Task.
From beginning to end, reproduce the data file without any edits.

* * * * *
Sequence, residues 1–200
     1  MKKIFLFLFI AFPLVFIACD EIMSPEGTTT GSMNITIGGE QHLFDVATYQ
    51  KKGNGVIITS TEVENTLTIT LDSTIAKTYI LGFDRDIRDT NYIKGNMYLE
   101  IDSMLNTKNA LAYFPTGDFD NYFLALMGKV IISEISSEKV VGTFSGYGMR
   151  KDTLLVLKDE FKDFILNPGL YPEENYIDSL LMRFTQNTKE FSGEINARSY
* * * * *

Sequence, residues 1–200
     1  MKKIFLFLFI AFPLVFIACD EIMSPEGTTT GSMNITIGGE QHLFDVATYQ
    51  KKGNGVIITS TEVENTLTIT LDSTIAKTYI LGFDRDIRDT NYIKGNMYLE
   101  IDSMLNTKNA LAYFPTGDFD NYFLALMGKV IISEISSEKV VGTFSGYGMR
   151  KDTLLVLKDE FKDFILNPGL YPEENYIDSL LMRFTQNTKE FSGEINARSY